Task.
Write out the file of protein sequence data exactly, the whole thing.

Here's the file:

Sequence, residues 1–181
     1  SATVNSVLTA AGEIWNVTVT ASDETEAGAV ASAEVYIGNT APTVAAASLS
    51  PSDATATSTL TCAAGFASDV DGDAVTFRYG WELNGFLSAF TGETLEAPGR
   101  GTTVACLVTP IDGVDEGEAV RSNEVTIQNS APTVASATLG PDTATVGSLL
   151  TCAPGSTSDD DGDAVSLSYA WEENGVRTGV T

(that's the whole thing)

Sequence, residues 1–181
     1  SATVNSVLTA AGEIWNVTVT ASDETEAGAV ASAEVYIGNT APTVAAASLS
    51  PSDATATSTL TCAAGFASDV DGDAVTFRYG WELNGFLSAF TGETLEAPGR
   101  GTTVACLVTP IDGVDEGEAV RSNEVTIQNS APTVASATLG PDTATVGSLL
   151  TCAPGSTSDD DGDAVSLSYA WEENGVRTGV T